When AC/DC frontman Bon Scott died after a "night of misadventure" back in 1980, it left a huge creative and personal void for the band and fans alike. As with all premature rock star deaths, we can only imagine the incredible music he had yet to sing and co-write with AC/DC’s Young brothers.
That said, this list of Top 10 Bon Scott AC/DC Lyrics illustrates that he'd accomplished a lot – even at the tender age of 33. He died as both an approachable blue-collar poet and (of course) a hilariously raunchy delight.
Make no mistake: Women, wine and debauchery, tawdry tales and endless double-entendres were an integral part of Bon’s lyric-writing genius. Here are 10 of the very best examples.
"Rock ‘n’ Roll Singer"From: ‘High Voltage’ (1976)
Choice lyrics: “You can stick your golden handshake / And you can stick your silly rules / And all the other s--- that they teach to kids in school / 'Cause I ain't no fool"
Bon pretty much outlined his five-year-plan towards achieving fame and glory (and that of any wannabe rock and roll front man, for that matter – you’re all welcome!), no matter the obstacles right here. Along the way, lines like the one cited above showed the defiant streak that would endear him to rock-loving teenage rebels everywhere, making "Rock ‘n’ Roll Singer" an obvious choice to kick off for our list of the Top 10 Bon Scott Lyrics.
"Carry Me Home"From: “Dog Eat Dog' single (1977)
Choice lyrics: “You ain't no lady but you've sure got taste in men / That head of yours has got you by time and time again / But I've just spent next week’s wages and I'm right out of coin / But you want more and it's half past four and they want to close the joint.”
This profanity-laced, almost stream-of-conscience sequence of late-night drunken repartee remains one of the very best AC/DC numbers left off their U.S.-released album. Originally recorded during the Dirty Deeds Done Dirt Cheap sessions and released in Australia as the B-side of Let There Be Rock's "Dog Eat Dog" single, "Carry Me Home" welcomes anyone who hears it to grab the bar-stool, share a drink and carouse with both bartenders and fellow patrons alongside Bon himself.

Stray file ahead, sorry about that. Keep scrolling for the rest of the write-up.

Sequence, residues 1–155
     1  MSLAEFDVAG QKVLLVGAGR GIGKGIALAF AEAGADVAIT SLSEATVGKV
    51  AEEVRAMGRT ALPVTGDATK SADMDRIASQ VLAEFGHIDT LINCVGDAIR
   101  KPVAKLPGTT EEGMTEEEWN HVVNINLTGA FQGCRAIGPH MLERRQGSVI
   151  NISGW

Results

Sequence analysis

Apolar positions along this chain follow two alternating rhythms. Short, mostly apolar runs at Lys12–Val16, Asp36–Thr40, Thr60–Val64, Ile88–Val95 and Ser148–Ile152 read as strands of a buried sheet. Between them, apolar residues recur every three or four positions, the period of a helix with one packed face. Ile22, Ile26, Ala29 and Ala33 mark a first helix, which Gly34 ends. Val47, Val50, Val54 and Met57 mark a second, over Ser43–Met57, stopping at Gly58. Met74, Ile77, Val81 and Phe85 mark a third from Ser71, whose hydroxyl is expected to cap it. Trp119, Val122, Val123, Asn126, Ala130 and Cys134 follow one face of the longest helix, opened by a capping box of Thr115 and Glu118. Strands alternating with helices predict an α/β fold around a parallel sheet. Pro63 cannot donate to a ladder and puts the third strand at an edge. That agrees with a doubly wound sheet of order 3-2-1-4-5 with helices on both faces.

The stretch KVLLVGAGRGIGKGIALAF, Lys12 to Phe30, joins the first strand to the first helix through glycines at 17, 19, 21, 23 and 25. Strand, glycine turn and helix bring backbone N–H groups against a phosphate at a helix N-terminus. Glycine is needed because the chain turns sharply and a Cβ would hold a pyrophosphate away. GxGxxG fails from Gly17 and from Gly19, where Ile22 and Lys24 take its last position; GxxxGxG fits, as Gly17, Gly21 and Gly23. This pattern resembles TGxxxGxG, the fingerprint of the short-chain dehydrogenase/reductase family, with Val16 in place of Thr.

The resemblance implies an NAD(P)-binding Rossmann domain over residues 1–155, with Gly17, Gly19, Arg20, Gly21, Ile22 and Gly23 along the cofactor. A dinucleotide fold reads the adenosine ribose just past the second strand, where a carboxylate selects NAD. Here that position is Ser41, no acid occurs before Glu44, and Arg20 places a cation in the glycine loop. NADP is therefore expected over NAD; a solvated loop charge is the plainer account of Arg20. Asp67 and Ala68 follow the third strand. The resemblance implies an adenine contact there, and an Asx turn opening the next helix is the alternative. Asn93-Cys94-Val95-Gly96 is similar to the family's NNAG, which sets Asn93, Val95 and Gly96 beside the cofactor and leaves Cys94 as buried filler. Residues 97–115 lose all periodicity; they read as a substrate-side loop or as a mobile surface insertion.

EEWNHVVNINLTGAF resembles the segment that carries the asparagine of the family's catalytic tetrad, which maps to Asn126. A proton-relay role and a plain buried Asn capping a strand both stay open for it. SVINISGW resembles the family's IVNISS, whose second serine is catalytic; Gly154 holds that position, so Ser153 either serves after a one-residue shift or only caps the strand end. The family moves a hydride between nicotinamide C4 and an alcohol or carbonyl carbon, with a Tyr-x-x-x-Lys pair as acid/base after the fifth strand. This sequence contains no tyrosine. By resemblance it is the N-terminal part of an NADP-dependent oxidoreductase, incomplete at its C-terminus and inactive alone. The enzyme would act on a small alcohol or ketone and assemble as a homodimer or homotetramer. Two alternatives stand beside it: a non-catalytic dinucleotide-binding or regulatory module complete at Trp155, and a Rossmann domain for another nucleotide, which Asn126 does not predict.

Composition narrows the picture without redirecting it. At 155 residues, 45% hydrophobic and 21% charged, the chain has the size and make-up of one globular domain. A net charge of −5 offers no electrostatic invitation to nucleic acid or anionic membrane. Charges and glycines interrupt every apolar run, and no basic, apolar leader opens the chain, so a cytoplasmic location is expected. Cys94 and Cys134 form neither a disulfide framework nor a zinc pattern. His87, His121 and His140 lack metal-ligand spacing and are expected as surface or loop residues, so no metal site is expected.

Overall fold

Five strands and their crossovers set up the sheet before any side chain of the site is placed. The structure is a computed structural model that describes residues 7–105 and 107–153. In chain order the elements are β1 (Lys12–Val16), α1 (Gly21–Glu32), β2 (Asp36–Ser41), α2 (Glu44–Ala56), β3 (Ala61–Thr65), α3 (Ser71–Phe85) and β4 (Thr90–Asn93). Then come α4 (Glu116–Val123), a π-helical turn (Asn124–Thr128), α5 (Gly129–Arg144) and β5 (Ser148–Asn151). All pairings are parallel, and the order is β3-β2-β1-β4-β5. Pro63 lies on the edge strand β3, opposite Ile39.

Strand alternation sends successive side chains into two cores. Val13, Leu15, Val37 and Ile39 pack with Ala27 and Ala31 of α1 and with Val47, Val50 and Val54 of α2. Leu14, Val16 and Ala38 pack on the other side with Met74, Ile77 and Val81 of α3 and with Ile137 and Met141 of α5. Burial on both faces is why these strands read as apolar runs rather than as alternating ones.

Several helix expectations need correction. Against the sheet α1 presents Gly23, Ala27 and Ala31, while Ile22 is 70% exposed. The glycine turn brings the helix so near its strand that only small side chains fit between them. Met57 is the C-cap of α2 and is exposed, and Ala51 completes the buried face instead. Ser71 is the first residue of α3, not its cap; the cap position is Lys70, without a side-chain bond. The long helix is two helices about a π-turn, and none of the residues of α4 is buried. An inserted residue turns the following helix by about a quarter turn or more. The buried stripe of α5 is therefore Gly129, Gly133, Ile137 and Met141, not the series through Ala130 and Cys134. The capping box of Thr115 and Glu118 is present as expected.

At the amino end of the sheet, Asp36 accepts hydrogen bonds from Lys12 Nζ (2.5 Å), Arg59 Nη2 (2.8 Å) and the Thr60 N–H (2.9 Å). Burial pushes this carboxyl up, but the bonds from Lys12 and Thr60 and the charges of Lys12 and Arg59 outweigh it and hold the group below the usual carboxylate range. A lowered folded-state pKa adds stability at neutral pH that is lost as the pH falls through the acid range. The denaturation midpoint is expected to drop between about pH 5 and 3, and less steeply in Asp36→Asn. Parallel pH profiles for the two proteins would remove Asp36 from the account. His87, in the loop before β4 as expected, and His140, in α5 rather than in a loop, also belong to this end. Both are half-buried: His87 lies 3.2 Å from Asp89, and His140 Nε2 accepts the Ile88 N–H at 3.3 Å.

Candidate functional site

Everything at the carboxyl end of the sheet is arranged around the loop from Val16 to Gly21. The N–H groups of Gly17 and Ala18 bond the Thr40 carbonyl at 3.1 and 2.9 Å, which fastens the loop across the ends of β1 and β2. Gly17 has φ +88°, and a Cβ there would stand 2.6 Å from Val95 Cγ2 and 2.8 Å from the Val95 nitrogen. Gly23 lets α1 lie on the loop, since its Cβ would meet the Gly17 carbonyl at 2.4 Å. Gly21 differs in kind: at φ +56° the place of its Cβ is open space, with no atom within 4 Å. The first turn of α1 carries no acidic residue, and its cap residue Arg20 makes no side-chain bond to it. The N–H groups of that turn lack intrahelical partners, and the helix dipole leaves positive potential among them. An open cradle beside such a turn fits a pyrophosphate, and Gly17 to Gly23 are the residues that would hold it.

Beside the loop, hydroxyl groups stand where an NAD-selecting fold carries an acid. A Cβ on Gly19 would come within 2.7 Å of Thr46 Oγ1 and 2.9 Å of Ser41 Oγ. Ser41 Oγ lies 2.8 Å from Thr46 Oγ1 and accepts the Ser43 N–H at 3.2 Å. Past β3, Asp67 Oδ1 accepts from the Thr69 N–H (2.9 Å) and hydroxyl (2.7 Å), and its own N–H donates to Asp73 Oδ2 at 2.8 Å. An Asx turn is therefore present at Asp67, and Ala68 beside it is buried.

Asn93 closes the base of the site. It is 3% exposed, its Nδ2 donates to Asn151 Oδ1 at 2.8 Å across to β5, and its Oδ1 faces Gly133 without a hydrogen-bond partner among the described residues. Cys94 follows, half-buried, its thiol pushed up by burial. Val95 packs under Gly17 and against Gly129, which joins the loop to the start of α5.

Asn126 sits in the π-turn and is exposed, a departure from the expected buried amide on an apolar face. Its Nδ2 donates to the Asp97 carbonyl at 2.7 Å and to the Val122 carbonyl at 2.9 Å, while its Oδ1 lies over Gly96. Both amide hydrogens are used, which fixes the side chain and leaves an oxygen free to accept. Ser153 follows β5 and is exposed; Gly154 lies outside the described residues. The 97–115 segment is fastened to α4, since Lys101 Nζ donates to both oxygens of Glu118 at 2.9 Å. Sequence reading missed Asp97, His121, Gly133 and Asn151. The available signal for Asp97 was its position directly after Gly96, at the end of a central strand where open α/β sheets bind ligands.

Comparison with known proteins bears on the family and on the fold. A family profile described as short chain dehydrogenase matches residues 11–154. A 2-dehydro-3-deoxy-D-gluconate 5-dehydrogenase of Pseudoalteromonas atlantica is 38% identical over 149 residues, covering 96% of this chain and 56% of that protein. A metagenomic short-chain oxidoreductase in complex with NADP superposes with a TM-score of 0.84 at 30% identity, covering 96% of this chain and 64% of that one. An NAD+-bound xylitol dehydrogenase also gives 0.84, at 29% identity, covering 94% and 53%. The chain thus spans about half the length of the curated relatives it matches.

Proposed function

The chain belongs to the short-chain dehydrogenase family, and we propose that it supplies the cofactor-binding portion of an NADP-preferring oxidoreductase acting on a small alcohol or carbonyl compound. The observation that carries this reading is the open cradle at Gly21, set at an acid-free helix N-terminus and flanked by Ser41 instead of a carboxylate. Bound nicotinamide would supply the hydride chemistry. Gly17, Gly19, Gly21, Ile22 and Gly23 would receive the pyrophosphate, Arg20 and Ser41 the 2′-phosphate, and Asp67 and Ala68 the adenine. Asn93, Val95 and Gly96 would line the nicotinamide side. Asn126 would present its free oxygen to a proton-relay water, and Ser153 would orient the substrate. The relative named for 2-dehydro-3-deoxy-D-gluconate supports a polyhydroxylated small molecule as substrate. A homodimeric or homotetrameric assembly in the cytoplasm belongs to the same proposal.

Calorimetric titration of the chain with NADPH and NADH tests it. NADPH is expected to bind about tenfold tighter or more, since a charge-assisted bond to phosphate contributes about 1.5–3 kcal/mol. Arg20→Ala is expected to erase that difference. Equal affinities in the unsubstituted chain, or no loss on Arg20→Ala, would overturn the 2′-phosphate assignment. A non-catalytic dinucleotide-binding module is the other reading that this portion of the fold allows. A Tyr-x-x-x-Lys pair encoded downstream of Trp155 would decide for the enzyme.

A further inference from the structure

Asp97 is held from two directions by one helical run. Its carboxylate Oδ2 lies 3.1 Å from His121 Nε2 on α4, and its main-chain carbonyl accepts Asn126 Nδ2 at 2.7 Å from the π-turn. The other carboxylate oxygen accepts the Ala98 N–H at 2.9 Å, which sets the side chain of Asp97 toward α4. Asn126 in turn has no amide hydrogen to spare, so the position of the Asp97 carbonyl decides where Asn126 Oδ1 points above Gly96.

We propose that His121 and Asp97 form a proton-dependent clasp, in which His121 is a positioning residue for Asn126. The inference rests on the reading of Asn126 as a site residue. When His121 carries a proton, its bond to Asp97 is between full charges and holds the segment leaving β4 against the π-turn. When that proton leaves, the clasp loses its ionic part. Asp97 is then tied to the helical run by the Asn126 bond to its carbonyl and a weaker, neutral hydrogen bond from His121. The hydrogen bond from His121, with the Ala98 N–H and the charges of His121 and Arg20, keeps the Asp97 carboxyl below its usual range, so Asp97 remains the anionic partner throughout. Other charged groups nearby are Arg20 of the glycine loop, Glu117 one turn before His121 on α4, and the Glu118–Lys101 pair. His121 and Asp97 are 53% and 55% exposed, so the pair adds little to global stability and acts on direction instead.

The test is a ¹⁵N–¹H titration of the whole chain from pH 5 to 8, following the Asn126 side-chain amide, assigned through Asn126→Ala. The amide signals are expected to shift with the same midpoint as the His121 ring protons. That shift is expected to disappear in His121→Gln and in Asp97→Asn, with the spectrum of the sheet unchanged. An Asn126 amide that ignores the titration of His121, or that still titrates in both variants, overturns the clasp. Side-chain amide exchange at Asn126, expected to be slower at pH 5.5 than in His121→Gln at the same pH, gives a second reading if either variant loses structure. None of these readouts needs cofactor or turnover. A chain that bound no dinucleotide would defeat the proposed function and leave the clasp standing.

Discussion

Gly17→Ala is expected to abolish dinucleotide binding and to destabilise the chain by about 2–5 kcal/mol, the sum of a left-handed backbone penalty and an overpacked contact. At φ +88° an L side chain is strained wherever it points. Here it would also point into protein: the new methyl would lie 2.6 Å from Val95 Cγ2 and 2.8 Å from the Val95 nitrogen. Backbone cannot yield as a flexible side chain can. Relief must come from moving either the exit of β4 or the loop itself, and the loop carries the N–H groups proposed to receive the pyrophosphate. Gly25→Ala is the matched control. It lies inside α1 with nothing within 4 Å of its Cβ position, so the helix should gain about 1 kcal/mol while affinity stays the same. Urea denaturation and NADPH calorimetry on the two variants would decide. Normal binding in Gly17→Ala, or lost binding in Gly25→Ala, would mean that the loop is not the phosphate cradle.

"Sin City"From: ‘Powerage’ (1978)
Choice lyrics: “So spin that wheel cut that pack / And roll them loaded dice / Bring on the dancin' girls and put the champagne on ice / I'm going in…to sin city”
Scott is better known as a ladies' man than he is a gamblin' man, but the AC/DC classic "Sin City" proved he knew more than enough casino lingo to weave a believable tale about the betting man's darker obsessions, underneath the bright boardwalk lights. Between his cynical wordplay and the Youngs' ominous chords AC/DC never sounded more menacing, thanks in large part to Bon’s evocative wordplay.
"Ride On"From: 'Dirty Deeds Done Dirt Cheap' (1976)
Choice Lyrics: “Broke another promise and I broke another heart / But I ain't too young to realize that I ain't too old to try / Try to get back to the start.”
"Ride On" is one of the few songs in AC/DCs vast catalog you could truly call a ‘ballad,’ and its mellow tone and heartfelt lyrics provided a much-needed respite from the tawdry tales dominating 1976’s Dirty Deeds LP. As such, this sorry loner’s lament showcases Bon choosing his words carefully in order to convey the emotion and subtlety required by his band mates’ equally restrained performance. Ride on, Bon, ride on.
"Touch Too Much"From: ‘Highway to Hell’ (1979)
Choice lyrics: “She had the face of an angel smilin' with sin / The body of Venus with arms / She wanted it hard, she wanted it fast / She liked it done medium rare!”
The presence of producer Robert John "Mutt" Lange may have helped AC/DC streamline their songs somewhat for optimal platinum success on 1979’s Highway to Hell. But not even he could entirely sanitize Bon’s lyrics for safe radio broadcast, as evidenced by the album’s most obvious should-a-been single, "Touch Too Much." Here, not even references to classic Greek sculpture (we’re talking about the Venus de Milo, of course) could make a dent on Bon’s lurid charm and persistent come-ons to his willing female "victims."